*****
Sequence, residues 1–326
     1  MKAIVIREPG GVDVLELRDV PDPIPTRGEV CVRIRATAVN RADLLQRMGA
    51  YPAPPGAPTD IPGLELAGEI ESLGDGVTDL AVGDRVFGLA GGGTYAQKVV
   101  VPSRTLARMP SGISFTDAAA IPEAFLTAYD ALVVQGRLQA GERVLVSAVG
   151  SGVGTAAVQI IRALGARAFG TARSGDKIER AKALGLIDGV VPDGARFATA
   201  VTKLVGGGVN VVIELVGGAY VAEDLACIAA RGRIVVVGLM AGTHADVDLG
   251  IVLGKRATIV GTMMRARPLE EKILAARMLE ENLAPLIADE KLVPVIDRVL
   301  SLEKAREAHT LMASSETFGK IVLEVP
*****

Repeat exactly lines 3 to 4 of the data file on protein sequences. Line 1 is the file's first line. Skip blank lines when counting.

    51  YPAPPGAPTD IPGLELAGEI ESLGDGVTDL AVGDRVFGLA GGGTYAQKVV
   101  VPSRTLARMP SGISFTDAAA IPEAFLTAYD ALVVQGRLQA GERVLVSAVG